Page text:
31 January 2014

Thomas Hal Phillips: The Bitterweed Path (1950; repr. 1996)

The Bitterweed Path (1950) by Thomas Hal Phillips (1922–2007) is an interesting book in the history of homosexual literature. It features in Anthony Slide's Lost Gay Novels: A Reference Guide to Fifty Works from the First Half of the Twentieth Century (Routledge: 2003), which includes novels published from 1917 to 1950, and not necessarily written by authors who were gay.

Phillips was born in Corinth, Mississippi, and he was gay, and the Introduction to The Bitterweed Path (dated Atlanta, Georgia, 1995) is by John Haywood (author of Men Like That: A Southern Queer History: University Of Chicago Press (2001). Howard met Phillips in his later years, and mentions that he was not the kind of person who used expressions such as 'homosexual', 'gay' or 'lesbian': Phillips was from a different era, one in which homosexuality was not only different but also illegal, and this novel is a rare example – for the time – of an imaginative homosocial work with strong homoerotic undertones.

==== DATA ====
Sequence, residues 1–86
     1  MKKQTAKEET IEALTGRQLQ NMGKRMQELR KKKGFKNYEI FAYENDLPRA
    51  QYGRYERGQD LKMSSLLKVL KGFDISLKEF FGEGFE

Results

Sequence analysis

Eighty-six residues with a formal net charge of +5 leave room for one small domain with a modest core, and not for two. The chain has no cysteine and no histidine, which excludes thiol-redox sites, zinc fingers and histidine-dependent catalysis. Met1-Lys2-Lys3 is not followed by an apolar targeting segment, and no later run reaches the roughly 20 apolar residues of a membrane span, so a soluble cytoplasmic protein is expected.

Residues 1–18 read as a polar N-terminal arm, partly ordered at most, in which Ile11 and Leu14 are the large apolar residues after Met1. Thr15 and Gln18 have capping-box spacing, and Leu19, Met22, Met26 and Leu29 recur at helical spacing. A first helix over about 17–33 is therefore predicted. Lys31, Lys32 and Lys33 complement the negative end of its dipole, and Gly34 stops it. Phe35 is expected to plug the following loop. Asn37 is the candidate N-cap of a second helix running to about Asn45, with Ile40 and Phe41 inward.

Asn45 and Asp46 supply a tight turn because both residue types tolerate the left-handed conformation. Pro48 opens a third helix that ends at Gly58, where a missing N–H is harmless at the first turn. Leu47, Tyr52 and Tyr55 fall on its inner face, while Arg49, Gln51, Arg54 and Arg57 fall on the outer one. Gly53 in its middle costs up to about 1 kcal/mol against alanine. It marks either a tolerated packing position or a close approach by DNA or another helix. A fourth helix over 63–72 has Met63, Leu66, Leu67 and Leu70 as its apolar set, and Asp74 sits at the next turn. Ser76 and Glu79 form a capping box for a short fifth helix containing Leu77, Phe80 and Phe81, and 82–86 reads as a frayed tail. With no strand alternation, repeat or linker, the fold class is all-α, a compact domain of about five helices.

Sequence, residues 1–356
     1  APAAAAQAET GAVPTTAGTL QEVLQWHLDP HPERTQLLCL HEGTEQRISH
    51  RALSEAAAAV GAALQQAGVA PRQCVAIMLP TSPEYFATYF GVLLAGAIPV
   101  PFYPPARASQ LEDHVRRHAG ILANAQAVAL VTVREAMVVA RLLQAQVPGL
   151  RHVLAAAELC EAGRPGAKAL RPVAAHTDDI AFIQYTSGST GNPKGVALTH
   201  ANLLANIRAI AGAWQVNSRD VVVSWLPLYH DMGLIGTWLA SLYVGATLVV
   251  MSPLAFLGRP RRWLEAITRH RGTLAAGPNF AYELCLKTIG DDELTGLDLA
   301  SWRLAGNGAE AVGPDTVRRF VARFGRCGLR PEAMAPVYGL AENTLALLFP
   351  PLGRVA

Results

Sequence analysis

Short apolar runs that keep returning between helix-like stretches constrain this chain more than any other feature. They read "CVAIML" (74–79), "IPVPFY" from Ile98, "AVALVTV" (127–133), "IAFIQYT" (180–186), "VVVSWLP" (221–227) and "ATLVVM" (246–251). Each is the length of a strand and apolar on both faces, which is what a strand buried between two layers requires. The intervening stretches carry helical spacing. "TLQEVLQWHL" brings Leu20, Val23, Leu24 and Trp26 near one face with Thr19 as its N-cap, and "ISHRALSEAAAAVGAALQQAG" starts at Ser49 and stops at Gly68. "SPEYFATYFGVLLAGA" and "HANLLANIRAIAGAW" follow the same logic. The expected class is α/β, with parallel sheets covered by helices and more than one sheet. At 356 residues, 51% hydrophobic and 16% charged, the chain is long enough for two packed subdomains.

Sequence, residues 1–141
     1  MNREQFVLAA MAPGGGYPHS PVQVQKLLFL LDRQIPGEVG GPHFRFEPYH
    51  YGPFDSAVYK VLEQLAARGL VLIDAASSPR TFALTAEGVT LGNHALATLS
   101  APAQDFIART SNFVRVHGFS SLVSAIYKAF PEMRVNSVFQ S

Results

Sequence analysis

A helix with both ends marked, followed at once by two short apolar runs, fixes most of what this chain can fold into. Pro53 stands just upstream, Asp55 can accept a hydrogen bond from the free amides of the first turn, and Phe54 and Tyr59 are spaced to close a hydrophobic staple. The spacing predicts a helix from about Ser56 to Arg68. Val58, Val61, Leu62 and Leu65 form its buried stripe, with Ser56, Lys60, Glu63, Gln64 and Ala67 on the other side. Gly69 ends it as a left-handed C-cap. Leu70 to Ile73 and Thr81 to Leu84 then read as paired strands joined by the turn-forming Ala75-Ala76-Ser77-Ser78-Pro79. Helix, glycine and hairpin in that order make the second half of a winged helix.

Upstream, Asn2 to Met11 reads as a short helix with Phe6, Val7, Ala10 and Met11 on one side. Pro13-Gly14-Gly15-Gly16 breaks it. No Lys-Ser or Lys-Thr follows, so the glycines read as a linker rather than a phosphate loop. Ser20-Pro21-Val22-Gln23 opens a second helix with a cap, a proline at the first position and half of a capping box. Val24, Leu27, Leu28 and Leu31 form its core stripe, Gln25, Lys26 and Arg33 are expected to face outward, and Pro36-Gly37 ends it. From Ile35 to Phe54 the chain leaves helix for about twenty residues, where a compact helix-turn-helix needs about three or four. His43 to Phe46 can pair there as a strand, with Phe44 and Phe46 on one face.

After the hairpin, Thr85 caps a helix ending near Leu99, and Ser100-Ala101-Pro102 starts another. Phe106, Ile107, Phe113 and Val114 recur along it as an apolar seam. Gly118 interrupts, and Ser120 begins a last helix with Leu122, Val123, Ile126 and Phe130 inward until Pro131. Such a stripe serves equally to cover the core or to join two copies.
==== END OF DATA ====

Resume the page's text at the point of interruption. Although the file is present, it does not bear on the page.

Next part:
The Bitterweed Path is Thomas Hal Phillips's first novel, and his only novel to deal with a homosexual theme. It is set in rural Mississippi and essentially concerns the relationship between sharecroppers's son Darrell Barclay, the landowner Malcolm Pitt, and his son Roger. Phillips was consciously drawing on the Biblical story of David and Jonathan, which included Jonathan's father Saul's great admiration for David the giant-slayer. Phillips believed that this story could be interpreted in many ways, and so interpreted it in his own way.

Phillips's representation of the David and Jonathan story is of course essentially homosexual, but muted, although that in no way limits its importance in the history of the genre.

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